[Published in the OSALL newsletter of August 2007]
The purpose of this article is to highlight the potential of Google Groups to meet some of the requirements of our listserv, to make it more user-friendly and a more effective tool in our workplace. These factors are simply up for discussion and this is not intended as official listserv policy.
One of the problems that regularly comes up for discussion is the duplication of requests. This unnecessarily adds to the volume of traffic through our already crowded Inboxes. We now have the ability to quickly and easily search past queries before posting a request.
Needless to say, any service powered by Google is going to have a comprehensive search feature.
Use of subject line to create categories
Regular users of the listserv will be aware that in June we were asked to start the subject line of messages with a category in round brackets. The suggested list is :
(Legislation) – for all acts, regulations, rules, ordinances and by-laws both in SA and elsewhere
(Judgment) – recent judgments not yet reported or unreported
(Case) – cases reported in a law report series
(Article) – journal articles
The category is not intended to form the entire subject line but just to precede a concise description of the request.
Apart from identifying the nature of a request at a glance, this is to narrow the search parameters for any particular word or phrase.
For example, instead of searching for “evictions”, one could reduce the number of results by using “evictions” and “legislation”, or “evictions” and “cases”.
Please be aware of the search options “Search this group” and “Search Groups”. The former is the default and the option to which your attention is drawn for the purpose of this article.
Another matter that is raised quite regularly is the posting of answers to questions. Merely confirming that a query has already been made on the subject that interests one is of no use if there is not an associated answer.
Subject lines create threads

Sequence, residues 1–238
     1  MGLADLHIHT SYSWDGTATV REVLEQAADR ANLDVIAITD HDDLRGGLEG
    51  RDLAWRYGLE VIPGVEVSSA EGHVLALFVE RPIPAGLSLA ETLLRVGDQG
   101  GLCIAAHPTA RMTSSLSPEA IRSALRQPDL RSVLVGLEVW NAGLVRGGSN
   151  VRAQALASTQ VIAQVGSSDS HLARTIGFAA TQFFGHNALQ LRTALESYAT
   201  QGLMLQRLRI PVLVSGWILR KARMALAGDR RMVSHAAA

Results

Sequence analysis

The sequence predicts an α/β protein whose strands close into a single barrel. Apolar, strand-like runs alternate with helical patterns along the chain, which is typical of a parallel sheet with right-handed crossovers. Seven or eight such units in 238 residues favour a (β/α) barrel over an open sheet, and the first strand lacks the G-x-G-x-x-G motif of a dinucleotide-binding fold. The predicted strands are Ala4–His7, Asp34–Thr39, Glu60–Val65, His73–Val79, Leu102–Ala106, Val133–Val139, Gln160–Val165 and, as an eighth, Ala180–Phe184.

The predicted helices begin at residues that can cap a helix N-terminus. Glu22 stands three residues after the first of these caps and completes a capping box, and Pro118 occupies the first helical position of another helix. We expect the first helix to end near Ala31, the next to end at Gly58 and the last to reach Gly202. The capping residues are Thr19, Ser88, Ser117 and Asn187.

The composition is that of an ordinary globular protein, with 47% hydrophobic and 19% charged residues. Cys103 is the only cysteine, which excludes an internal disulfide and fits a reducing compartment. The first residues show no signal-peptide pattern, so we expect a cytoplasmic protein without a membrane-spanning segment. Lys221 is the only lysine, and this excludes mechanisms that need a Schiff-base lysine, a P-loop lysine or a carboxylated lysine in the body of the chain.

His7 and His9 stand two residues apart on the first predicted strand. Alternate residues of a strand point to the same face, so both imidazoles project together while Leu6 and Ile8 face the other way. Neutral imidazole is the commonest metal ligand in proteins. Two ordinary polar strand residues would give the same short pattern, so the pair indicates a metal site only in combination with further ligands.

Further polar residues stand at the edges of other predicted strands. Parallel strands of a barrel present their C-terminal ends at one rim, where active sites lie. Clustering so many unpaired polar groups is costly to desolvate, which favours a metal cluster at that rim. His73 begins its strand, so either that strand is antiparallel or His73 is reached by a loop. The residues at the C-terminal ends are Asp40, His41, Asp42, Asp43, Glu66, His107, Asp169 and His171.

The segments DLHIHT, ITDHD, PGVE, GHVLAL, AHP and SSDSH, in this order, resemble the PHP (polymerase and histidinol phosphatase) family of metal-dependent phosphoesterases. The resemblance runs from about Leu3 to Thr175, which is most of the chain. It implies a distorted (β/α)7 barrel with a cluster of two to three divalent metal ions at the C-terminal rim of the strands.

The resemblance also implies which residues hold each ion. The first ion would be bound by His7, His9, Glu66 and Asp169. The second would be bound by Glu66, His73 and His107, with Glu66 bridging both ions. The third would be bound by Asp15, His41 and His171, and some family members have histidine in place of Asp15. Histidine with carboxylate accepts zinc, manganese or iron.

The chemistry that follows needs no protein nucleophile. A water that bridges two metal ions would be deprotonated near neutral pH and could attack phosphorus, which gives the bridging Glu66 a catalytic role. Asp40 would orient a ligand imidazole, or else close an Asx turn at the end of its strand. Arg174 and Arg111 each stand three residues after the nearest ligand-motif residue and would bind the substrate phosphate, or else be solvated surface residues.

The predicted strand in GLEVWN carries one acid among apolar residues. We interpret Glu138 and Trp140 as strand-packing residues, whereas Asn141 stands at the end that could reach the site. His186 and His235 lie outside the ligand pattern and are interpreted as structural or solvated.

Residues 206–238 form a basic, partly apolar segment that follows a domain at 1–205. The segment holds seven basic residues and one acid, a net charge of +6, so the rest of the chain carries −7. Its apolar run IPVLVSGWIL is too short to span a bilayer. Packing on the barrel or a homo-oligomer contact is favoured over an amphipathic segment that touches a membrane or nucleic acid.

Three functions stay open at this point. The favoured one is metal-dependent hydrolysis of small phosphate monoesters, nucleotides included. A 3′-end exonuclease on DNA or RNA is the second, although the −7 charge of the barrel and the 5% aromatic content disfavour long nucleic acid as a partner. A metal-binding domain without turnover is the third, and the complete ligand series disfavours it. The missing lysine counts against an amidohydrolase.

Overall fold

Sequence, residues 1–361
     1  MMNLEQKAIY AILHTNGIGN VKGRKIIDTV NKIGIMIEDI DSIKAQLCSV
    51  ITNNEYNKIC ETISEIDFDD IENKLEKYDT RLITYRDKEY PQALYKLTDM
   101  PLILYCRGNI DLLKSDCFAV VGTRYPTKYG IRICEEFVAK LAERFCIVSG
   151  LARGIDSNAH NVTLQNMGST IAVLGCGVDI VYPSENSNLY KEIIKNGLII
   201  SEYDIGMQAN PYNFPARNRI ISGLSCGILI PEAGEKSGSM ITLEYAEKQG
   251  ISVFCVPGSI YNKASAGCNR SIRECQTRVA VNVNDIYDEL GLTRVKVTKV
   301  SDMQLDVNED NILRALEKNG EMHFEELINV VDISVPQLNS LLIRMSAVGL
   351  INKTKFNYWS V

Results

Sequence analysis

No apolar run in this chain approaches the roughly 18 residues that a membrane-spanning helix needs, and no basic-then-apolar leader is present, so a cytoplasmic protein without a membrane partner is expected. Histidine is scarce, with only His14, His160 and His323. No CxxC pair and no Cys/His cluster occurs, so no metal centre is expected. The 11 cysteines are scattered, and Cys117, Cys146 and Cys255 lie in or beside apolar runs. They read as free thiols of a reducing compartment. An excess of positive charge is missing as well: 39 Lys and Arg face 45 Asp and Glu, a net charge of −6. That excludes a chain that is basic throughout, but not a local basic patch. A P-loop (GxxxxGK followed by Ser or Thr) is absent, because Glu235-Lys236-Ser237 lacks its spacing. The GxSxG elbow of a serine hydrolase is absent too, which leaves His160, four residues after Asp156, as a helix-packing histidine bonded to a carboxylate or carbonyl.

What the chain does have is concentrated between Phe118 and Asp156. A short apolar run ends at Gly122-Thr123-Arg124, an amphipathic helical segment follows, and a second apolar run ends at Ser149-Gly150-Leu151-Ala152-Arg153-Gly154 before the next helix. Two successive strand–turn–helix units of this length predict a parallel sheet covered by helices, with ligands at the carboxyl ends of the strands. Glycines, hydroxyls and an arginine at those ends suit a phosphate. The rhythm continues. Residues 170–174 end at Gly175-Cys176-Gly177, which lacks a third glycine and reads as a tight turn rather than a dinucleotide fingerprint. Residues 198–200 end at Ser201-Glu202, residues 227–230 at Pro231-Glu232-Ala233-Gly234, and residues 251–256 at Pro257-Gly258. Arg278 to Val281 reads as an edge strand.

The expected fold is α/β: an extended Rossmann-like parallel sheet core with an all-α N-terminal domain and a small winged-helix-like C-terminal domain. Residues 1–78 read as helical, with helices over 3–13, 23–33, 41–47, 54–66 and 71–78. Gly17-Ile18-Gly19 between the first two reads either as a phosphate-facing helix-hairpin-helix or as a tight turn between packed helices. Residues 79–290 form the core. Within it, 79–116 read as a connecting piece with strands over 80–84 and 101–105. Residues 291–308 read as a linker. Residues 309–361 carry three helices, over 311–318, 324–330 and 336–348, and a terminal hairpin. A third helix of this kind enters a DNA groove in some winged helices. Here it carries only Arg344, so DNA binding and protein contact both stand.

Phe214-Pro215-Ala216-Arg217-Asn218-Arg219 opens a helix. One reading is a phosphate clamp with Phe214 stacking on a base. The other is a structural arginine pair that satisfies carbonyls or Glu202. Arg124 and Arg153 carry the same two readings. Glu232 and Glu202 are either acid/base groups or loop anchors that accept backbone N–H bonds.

This feature has the ability to link questions and answers. In order to make use of this, we as individuals need to be aware of posting comprehensive answers once we have them (a small price to pay in comparison to the benefits we receive from this community and the factor that is going to make our repository an invaluable information resource in future) and to use the same subject line when posting the answer.
A current example of this is the message “(Case)” posted by Noni Makhathini on 30 August 2007.
The line immediately at the end of the paragraph reads “By Noni Makhathini – Aug 30 – 2 messages ”. Clicking on the “two messages” hyperlink opens a copy of Noni’s initial request followed by the answer including a hyperlink to the requested case.
Identifying firms/companies/individuals who are able to assist by supplying copies of journal articles would also significantly reduce the volume of traffic on the general listserv.
“Pages” could be used as indexes to sources
With input from all of us who are able to assist, we would be able to create an alphabetical list of journal titles to identify contact persons rather than having requests for journal articles circulated to the entire listserv, the majority of whom are not in a position to assist.
This would depend largely on our willingness to give back to the community and the goodwill of our colleagues.
Are you aware that the Listserv Policy requests us not to send messages with attachments? The matter of making documents available to others could be facilitated on the listserv by using the Files feature.
Two documents, the listserv Code of Conduct and Advertising Policy, have been posted to “Files” as an example of how this area works.
It may be necessary to ask the Listserv Administrator (***@*** in our case) to post documents on behalf of subscribers to the listserv.
Thereafter a message to the group would draw attention to the availability of the information to those who need it without creating an additional email burden for those who don’t.
Having highlighted some of the features that could be used to our advantage, please let us have feedback for discussion by the OSALL Committee.
Please familiarise yourself with the guidelines in the Code of Conduct (http://www.osall.org.za/docs/listserv_code_of_conduct.pdf) and the Advertising Policy (http://www.osall.org.za/docs/listserv_advertising_policy.pdf), the latter particularly in respect to advertising vacancies.
Opinions expressed in this column are my own and not necessarily those of my employer